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He is also a field. God is not only a light to guide and direct, but likewise a shield to protect and defend. He can secure us in the midst of dangers, and defend from the violent and artful designs and attempts of enemies.

The Lord will give grace and glorie : no good thing will be withhold from them that walk uprightly. He will bestow every kind of good, both favour and honour. Nor will he give sparingly: but will plentifully enrich, and abundantly blefs them that walk uprightly.

By which uprightnesse is not meant abfolute perfection, but fincerity ; serving God in truth, and with a willing mind : and having a respect to all his commandments: not only observing, very punctually, ordinances of positive appointment, and the stated seasons of public worship : but living in the practise of all righteousnesse. It is, to be faithful to God in all circumstances, in profperity and adversity, and in the general tenour of our life and conversation. Such as these God will abundantly bless.

Having thus briefly explained these words, I shall mention fome observations.

1. Here

SERM. I. Here is a property of the Divine Being, X.

which deferves our serious attention.
As God is full and perfect in himself,
so he favors, and has a special regard for

righteous and upright men.
The Pfalmift, and other good men, who
lived under the Mosaic dispensation, did,

, possibly, expect temporal advantages for the truly religious, more than it is reafonable for us to do under the gospel. But in general the observation must be right: the truth of it may be depended upon, and ought to be maintained in all times ; that God loveth Pf. xi. 7. righteousnesse : his countenance beholds the upright. These he approves and favors: whilst he is displeased with such as wilfully transgress, or contemptuoufly neglect and disregard, his holy laws.

H. We fhould emprove this truth for our

establishment in the steady and delight

ful practife of all holinesse. Virtue, real righteousnesse, has an intrinsic excellence : It is fit in itself, and very becoming. But we ought to take in every other consideration, that tends to secure the


SERM. practise of virtue, and perseverance therein,
X. in this state of temptation. We should

strengthen ourselves by a respect to the divine
will, as well as by a regard to the reason of

When we do so, mindful of the divine au-
thority, desirous of his favour, and fearing
his displeasure, we may be said to walk with
God. There will be then a comfortable fel-
lowship between God and his rational crea-
tures. We steadily and conscientiously eye
his commands. He graciously approves us,
and the way we are in. And will manifeft
himself favorable to us.

III. We may

hence receive encouragement,
to trust in God, and serve him faith-
fully, in every circumstance of life, even
though we are in some difficulties and

troubles, as the Psalmist now was.
For virtue, though well-pleasing to God,

be tried and exercised. The reward is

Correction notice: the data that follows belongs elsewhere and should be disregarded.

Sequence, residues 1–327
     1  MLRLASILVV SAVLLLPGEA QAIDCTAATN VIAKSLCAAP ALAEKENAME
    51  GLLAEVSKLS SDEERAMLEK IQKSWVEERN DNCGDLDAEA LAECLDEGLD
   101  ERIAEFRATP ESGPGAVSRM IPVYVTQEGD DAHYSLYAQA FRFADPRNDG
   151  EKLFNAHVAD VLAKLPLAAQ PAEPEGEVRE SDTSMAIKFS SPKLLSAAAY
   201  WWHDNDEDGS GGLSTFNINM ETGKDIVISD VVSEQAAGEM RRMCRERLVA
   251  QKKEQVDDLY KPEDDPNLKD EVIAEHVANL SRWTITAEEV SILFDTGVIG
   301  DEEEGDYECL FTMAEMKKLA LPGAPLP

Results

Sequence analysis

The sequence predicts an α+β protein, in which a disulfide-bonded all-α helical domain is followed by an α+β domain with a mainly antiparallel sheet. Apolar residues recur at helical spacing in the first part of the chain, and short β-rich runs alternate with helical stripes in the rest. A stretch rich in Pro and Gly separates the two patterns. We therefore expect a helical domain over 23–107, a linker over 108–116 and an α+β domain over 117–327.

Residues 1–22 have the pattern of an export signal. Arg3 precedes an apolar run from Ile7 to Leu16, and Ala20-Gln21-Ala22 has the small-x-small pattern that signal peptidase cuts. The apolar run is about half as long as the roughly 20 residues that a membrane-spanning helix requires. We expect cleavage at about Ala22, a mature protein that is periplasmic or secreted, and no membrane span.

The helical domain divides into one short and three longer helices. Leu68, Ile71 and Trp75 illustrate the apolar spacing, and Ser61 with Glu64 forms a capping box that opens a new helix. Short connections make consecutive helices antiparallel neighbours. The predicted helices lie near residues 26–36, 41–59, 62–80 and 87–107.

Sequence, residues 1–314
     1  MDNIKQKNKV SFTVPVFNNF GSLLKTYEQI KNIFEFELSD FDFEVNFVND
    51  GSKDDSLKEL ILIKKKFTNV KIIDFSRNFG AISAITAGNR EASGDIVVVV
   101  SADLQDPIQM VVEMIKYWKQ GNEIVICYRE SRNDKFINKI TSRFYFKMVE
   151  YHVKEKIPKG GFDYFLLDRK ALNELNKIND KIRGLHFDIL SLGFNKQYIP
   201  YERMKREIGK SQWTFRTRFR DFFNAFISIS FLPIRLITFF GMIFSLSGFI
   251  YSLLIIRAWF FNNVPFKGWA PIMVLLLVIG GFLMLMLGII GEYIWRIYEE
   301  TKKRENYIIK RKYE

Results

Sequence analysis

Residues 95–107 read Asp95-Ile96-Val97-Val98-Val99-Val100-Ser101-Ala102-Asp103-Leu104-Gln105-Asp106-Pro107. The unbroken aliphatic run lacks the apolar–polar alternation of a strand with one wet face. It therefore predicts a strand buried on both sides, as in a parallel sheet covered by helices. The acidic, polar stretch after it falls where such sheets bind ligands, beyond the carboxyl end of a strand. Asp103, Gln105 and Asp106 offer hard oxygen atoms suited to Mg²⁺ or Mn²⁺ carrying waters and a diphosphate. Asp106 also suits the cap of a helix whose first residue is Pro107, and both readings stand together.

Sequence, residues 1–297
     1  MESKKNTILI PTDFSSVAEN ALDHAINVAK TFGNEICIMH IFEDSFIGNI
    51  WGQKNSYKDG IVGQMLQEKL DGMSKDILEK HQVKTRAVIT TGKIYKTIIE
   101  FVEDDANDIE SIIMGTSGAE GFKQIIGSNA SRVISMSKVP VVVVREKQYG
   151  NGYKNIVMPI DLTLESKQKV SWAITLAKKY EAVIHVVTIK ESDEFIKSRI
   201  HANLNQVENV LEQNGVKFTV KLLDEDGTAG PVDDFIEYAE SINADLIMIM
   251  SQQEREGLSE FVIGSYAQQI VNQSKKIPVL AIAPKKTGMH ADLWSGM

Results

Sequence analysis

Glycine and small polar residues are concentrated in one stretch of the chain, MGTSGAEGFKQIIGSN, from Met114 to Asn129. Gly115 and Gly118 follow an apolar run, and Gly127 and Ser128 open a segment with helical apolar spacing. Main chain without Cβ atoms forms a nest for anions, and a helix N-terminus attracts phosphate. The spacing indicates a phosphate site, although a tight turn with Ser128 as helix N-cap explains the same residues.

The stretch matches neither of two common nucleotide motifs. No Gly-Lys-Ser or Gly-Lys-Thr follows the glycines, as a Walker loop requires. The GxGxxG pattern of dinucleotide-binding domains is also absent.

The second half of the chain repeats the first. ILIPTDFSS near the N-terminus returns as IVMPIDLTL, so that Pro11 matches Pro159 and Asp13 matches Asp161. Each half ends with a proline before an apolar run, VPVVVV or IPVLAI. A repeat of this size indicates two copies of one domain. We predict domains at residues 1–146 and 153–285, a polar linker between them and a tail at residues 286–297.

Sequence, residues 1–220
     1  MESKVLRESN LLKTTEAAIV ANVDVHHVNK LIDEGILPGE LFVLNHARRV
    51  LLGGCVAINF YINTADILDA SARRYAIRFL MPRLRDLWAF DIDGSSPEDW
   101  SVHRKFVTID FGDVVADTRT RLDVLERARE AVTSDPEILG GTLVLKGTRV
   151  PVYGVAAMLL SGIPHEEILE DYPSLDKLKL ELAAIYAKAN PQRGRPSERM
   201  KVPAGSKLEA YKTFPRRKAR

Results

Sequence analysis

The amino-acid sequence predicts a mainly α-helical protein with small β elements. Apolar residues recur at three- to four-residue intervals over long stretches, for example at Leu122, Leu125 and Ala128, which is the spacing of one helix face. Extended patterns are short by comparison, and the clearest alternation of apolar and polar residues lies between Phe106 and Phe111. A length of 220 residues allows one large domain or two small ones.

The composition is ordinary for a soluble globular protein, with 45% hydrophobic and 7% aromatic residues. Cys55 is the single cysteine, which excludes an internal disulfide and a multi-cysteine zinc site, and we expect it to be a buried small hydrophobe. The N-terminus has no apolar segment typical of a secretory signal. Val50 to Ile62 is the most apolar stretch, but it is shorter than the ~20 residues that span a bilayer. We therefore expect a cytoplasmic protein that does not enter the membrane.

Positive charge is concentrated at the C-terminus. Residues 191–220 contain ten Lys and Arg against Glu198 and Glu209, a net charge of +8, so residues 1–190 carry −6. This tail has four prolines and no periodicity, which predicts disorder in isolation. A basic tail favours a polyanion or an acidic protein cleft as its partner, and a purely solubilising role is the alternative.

sure, though deferred. And it may be the
greater in the end, if by afflictions it is re-
fined, emproved and perfected.

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IV. This

SERM. IV. This text may teach men to be cau

Xin tious, how they injure, offend, or grieve any sincere and upright persons, whom

God approves. It is spoken of as a remarkable instance of the folly of bad men: Have all the workers of Pl. xiv. iniquity no knowledge, who eat up my people, as they eat bread, and call not upon God!

We ought to be careful, how we offend any walking in the way of righteousnesse : though they appear to us to be mistaken in some things. It must be imprudent to oppofe those, who have God for a sun and shield. At the same time it appears to be our duty, to uphold to the utmost of our power the cause of the righteous. This seems to be what David engages to do, if settled in


and prosperity. O my soul, thou hast said unto God: Pl. xvi. Thou art my Lord. My goodnese extendeth not. 2. 3. unto thee, but unto the saints, that are in the earth, even to the excellent, in whom is all

my delight. “ I have always trusted in God. “ And it has been my unfeigned desire to “ serve him. Not that I thereby merit of « him. Nor is he advantaged by my fer“ vices. But I shall think it a happineffe,

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Serm. « if ever I have it my power, to protect and

encourage upright men, whom I sincerely
- love and esteem.”

V. We are also led to observe upon these

words, that from the divine perfections
may be argued a future state of recom-



This obfervation I intend to enlarge upon.

I. In the first place I shall propose an argument for a future state from reason.

2. Í fliall consider fome objections against this doctrine.

3. I will endeavor to answer divers enquiries relating to this matter.

4. And then conclude with some inferences.

1. The argument from reason in behalf of a future state of recompenses is to tħis purpose.

It appears to us agreeable to the perfections of God, that he should shew favour to good and virtuous men. But it is obvious to all, and more especially evident to careful observers, that good and bad men are not much diftinguished in this world. This, I say, is obvious to all, and efpecially manifest to those, whose observations are of the great

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